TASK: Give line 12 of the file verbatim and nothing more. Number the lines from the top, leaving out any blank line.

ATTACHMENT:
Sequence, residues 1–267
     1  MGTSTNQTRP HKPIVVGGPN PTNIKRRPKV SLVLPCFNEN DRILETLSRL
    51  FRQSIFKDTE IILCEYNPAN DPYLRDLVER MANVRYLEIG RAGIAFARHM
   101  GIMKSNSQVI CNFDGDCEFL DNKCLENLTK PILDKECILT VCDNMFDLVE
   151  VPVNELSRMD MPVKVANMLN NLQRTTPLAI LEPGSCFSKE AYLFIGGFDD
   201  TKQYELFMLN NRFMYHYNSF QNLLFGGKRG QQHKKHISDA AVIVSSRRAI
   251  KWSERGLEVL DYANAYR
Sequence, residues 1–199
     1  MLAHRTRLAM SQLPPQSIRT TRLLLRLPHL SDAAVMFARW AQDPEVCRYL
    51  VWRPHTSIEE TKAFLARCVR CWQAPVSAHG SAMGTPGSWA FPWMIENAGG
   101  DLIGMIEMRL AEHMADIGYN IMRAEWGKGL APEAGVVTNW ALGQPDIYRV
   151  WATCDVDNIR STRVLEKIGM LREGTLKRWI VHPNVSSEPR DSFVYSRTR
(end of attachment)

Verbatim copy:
   151  WATCDVDNIR STRVLEKIGM LREGTLKRWI VHPNVSSEPR DSFVYSRTR